Simultaneously, four colleagues and I had said several years ago, “Let’s try to make this app just to solve this one problem.” Thinking it was much easier than we thought we kind of fell down this rabbit hole of what really the problem is and why nobody had really solved it and we chose to kind of keep going and try to learn and try to solve it. That’s how we have evolved the company of ZipData.
It is definitely something that has evolved and I think the experience of doing it once allows you the confidence to continue to learn and get better and take the skills that you learn on one side and try to apply it to another side.
Shubha Chakravarthy: So, what is ZipData and what does the company do?
Aneesa Majid: ZipData is on a mission to kill the fax machine in healthcare communications.
What a lot of people don’t know is that we spend about 9 billion dollars on fax and phone and that doesn’t really count all of the operational costs and the delays to make that happen. The reason for that is because everybody is required, whether you’re an enterprise system like Northwestern or Memorial Sloan Kettering, to have an information system and an electronic health record, but nobody is required to make those systems talk to each other.
In order to make them talk to each other the people who own those systems, whether it’s Cerner or Epic or eClinicalWorks, or the smaller companies, that is a capitalist option for them, right? So, they’re going to charge for each pipe that you want to connect to somewhere. So, for a physician’s practice in particular, that’s very costly. They would have to pay anywhere from five, in some cases $20,000 per pipe to make those connections — and that’s just insanity.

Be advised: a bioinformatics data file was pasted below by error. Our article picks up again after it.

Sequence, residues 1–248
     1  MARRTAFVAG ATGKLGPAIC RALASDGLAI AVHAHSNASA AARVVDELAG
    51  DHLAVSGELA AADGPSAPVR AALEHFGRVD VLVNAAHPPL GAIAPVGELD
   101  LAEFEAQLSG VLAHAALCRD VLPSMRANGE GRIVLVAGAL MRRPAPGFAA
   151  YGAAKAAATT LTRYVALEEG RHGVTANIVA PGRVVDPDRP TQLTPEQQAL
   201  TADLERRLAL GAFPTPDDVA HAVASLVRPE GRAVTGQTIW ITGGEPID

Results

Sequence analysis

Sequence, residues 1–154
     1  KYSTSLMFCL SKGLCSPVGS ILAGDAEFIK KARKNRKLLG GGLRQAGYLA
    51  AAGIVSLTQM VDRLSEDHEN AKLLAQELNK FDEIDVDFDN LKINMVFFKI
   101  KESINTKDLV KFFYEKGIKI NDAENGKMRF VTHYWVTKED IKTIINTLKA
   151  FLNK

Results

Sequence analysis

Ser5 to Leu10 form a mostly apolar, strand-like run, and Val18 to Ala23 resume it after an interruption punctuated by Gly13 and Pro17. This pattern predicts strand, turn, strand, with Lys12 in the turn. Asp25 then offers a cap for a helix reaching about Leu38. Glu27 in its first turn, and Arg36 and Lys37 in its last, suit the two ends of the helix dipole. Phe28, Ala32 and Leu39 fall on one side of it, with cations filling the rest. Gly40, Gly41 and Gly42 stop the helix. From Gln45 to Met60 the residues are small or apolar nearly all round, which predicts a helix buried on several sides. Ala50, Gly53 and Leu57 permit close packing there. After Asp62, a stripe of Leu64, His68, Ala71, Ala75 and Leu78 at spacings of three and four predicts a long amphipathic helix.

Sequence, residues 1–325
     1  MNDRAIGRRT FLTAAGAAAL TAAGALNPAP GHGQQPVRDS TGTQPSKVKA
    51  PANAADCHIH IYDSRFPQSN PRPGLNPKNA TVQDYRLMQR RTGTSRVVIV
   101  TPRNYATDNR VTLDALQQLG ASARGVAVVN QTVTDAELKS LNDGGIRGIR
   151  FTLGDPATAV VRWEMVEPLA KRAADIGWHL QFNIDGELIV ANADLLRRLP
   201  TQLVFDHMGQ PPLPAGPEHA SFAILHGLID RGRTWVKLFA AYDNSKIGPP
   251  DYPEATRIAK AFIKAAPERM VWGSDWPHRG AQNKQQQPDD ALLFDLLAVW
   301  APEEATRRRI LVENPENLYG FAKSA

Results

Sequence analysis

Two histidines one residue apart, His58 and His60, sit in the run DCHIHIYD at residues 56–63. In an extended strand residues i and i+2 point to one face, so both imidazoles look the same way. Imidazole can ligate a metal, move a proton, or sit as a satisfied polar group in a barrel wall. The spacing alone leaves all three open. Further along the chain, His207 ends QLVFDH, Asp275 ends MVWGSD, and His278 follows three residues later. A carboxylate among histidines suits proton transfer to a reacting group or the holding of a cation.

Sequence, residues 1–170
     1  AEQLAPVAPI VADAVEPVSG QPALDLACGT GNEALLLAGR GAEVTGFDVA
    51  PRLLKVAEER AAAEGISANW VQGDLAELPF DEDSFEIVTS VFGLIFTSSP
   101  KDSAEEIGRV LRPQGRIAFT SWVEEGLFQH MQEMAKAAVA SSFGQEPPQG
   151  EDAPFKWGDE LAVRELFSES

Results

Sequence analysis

As physicians and consumers of healthcare ourselves who have had to deal with the delays of faxing, of getting patients in, and also on the business side the operational costs of faxing and of exactly how many people you have to pay to try to get paper in and data entry it, and then make sure that things get done right it needs to be solved. It’s ridiculous. We’re in 2022, and we are still dealing with fax and in of the biggest GDP industries of the country.